But that’s the business environment we operate in today. Managing a business is more like trying to tune an engine while you’re driving off-road in a hostile environment without a map. Any business that refuses to respond to this turbulent habitat, will quickly lose their relevance, their customers and their revenue.

The key to happy conflicts

It all comes down to one thing: respect

You can find several pieces of advice online about how to have positive disagreements at work. But I think it all comes down to one thing: respect. Conflict only becomes a problem when people don’t respect each other. That’s when it leads to petty sniping, political crappiness and hurt feelings. And those hurt feelings lead to more petty sniping, political crappiness and damaged relationships in return.

And sadly, most organisations don’t have respectful cultures where people care about each other. Which is probably why most organisations see conflict as a danger. Because, in their case, it is.

Maybe this diagram makes things a bit clearer:

Because you’re conditioned to think that anything at the top of a business diagram is the optimal situation, you may look at this and think it’s best to be in the respectful agreement quadrant. It’s a nice place to be, admittedly. But it’s the second best option in this diagram. The very best quadrant is the respectful disagreement one because that’s where growth happens. That’s where two or more people work together to share their opinions, debate with each other and come to a stronger position than before. That’s where sub-optimal things are challenged and improved upon. That’s where organisations get real value from their staff.

If you don’t agree, I’d advise you to stop reading now and go and find something less challenging and helpful to read.

If you do agree, let’s take a look at how you can build a more respectful environment where positive conflict can thrive.

Explain what constructive dissent is

First and foremost, you need to help people understand the importance of respectful disagreement. If they can grasp the value it offers the company, they’re more likely to give it a go. But they must understand the difference between good conflict and petty sniping. It’s not just about pointing at something and criticising it, it’s about suggesting better ways of doing things. And it’s preferably backed up by facts or solid thinking.

Understand the difference between good conflict and petty sniping

There also needs to be a clear separation of people and their actions. It’s not about criticising individuals, it’s about suggesting better ways of doing things. Which means when someone is suggesting a better way that you can do something, you should try not to take it personally (although it can often be hard).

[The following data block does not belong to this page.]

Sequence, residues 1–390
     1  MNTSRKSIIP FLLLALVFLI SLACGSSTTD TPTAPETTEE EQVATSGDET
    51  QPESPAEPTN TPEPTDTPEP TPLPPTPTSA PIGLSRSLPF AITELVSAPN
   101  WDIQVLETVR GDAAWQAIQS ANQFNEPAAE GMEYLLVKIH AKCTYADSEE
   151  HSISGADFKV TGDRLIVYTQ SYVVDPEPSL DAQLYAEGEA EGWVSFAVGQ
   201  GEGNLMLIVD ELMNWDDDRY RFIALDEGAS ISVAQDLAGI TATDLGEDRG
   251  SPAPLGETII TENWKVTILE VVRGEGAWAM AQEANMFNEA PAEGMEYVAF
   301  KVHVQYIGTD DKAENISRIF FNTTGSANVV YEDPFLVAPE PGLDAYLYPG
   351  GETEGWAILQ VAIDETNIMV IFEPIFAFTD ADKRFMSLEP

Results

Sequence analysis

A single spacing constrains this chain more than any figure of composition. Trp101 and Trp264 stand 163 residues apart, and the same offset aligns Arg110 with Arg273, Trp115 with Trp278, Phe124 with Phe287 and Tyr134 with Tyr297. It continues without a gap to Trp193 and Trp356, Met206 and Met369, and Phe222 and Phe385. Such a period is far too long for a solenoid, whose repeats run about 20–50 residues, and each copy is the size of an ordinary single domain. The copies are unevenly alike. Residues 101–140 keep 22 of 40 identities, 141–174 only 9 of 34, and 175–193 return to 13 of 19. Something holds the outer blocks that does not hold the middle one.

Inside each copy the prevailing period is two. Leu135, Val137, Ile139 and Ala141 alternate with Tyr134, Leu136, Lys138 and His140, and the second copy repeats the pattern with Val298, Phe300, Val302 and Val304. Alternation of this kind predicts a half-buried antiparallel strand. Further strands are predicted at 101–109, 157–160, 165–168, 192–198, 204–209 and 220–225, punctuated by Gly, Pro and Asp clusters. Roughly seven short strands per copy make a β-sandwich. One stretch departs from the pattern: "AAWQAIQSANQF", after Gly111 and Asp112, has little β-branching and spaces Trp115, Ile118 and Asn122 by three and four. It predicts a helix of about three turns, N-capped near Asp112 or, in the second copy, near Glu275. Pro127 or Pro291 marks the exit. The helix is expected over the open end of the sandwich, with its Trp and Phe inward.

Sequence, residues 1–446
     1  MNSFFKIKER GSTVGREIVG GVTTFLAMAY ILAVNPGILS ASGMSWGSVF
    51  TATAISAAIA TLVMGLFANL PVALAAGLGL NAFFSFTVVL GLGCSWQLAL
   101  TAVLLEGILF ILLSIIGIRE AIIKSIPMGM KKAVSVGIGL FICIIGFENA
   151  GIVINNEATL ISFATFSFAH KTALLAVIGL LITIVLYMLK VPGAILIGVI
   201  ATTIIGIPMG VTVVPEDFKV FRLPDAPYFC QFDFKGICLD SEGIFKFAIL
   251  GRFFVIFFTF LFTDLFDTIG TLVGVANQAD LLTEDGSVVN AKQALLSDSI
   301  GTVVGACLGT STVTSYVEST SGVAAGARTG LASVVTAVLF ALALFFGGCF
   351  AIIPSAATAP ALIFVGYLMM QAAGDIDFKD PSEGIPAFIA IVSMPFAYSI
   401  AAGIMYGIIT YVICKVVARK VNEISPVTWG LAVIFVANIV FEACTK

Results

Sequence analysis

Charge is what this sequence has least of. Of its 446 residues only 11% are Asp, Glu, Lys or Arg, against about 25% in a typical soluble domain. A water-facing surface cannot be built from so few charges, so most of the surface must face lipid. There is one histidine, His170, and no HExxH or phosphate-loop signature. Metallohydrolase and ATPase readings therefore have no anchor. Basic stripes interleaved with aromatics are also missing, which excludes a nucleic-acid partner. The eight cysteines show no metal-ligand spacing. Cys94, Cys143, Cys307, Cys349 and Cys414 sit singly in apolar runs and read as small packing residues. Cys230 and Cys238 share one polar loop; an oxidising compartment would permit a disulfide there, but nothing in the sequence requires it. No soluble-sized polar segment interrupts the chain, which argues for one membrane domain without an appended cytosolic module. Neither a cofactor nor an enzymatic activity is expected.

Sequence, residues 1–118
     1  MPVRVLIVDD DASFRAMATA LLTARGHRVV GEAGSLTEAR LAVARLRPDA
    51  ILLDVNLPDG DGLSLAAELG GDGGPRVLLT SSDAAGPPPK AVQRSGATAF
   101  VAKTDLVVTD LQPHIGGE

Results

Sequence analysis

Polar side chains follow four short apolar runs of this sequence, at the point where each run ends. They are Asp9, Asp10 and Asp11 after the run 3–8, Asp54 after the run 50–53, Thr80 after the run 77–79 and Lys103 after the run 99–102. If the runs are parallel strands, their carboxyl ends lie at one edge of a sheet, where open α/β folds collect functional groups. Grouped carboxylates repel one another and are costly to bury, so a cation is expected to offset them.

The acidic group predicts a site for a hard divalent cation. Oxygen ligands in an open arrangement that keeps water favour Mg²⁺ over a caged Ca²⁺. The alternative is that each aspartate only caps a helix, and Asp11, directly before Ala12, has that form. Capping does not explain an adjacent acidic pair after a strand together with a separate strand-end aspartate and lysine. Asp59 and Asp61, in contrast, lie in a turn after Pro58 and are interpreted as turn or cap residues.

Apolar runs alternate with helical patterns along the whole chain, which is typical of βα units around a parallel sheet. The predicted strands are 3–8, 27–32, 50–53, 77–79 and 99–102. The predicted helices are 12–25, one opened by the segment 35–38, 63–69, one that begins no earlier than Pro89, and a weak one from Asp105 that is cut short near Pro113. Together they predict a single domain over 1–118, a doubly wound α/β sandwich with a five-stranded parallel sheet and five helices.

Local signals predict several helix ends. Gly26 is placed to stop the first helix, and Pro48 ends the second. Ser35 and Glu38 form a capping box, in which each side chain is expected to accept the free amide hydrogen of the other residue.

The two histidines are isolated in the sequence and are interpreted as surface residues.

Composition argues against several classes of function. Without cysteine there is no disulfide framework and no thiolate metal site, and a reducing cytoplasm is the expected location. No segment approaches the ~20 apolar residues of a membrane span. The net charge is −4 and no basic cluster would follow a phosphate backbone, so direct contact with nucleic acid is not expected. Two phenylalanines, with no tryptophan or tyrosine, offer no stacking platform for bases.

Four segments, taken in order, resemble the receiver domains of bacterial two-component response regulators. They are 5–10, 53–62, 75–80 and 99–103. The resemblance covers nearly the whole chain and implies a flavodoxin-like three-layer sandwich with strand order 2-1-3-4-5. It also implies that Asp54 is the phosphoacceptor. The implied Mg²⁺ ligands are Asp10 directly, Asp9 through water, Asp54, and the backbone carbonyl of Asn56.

Make these points clear. Then make them clear again. And again. In fact, don’t stop because people will always need reminding.

Bake it into the culture

This isn’t something that only certain people should do. Your entire organisation should have a culture of respect.

This isn’t something that happens all by itself. If you’re hands-off and passive about it, it shows you don’t care about your staff. And, therefore, you’re not giving them the respect they deserve.

Respectful disagreement should begin with the CEO

Just like soaping yourself up in the shower, culture should start at the top and trickle down. Respectful disagreement should begin with the CEO. Or at the very least, a department head. These leaders need to demonstrate that they welcome other people’s opinions and value the individuals brave enough to offer them. This is the only way to truly make it part of the fabric of the company.

Publicly reward people

If you embrace constructive dissent you’re guaranteed to get some different outcomes. And better outcomes.

You now need to encourage this behaviour by thanking the people who sparked these different results. Being the first ones to stand up and share their opinions takes bravery and you need to show the more timid employees that there’s nothing to be afraid of. In fact, you need to show them that sharing your thoughts is preferable to keeping them to yourself. If you publicly show that you value the people who are brave enough to make a stand, more people will do it.